At the 2017 Science and Technology Conference, the Festsaal (Festival Hall) of the Hofburg Palace hosts the poster displays created by scientists and technical experts engaged with the CTBTO. The Festsaal, constructed between 1908 and 1923, is the largest room of the former residence of the Austrian monarchy. In this opulent space Austrian monarchs would have hosted their grandest balls and most extravagant displays of splendor to their guests.
The decision to display science in the most impressive space in the palace is by no means an accident. Science and technology are the foundations of the CTBT’s verification regime.
The poetry of placing science and technology in the Festsaal should not be lost. The paintings on the walls of former Austrian emperors and heroes like Metternich, Eugene of Savoy, and Jan Sobieski look down on a flurry of scientific activity below. The paintings represent the past, the science and technology below are the future. On the ceiling, allegoric personifications of religion, justice, science, agriculture, and other elements of civilization and the human experience symbolize the ideals that the scientists below represent and have devoted their work to protect.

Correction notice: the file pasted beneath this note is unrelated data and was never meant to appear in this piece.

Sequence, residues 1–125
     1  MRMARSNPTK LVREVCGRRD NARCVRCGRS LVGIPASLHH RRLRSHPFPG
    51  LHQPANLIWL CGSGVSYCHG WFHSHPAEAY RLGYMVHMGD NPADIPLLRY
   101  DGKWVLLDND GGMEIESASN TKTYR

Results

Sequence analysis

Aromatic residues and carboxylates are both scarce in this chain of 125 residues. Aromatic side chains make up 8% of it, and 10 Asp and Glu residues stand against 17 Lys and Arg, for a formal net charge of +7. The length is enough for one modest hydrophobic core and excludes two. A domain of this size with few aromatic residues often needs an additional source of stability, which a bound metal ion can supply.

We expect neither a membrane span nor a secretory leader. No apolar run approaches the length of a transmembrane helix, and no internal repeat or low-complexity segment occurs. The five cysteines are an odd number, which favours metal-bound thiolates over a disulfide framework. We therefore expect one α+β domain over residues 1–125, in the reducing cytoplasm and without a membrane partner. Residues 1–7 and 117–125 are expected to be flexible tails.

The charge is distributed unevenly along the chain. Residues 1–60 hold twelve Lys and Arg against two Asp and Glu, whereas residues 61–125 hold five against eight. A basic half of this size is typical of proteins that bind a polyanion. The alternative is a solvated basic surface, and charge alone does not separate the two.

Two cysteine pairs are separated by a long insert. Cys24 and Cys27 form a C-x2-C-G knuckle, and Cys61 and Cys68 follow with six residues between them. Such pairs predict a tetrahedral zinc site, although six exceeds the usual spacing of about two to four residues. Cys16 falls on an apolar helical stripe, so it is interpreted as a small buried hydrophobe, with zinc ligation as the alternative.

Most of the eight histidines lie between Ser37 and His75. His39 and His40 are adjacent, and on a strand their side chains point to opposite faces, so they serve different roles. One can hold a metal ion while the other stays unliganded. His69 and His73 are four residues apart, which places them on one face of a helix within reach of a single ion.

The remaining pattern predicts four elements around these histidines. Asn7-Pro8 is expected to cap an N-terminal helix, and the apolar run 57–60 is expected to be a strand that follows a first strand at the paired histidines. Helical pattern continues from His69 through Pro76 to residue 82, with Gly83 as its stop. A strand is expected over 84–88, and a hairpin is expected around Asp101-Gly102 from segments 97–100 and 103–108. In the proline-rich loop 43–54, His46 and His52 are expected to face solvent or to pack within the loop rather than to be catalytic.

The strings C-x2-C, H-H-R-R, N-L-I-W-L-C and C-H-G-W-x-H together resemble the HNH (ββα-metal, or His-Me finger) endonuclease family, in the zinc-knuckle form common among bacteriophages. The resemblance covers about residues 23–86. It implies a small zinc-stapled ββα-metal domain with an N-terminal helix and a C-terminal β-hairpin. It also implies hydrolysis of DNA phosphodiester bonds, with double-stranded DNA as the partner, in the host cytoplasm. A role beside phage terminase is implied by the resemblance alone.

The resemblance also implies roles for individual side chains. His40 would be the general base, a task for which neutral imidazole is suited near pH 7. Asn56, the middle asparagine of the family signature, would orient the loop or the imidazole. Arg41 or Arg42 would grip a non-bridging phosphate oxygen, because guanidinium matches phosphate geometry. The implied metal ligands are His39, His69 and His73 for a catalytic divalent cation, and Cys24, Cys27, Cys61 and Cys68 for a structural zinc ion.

Despite its grandeur, the artwork of the Festsaal remains unfinished, interrupted by the Second World War. So too is the work of the CTBTO. Entry into force of the Treaty continues to be a sought-after and elusive goal. Yet on one of the walls is the personal motto of Franz Joseph I: “Viribus Unitis,” or “with united strength.” These words capture the remarkable spirit shared by these scientists and technical experts of so many countries in the Festsaal. That spirit will need to endure amongst all supporters of the CTBT, especially the scientific community, both young and old, if indeed we are to finish what we started and build in time a world free of nuclear explosions.
CTBTO Youth Group members Ben Chao, Aditi Malhotra, and Beenish Pervaiz
Vienna, June 28 2017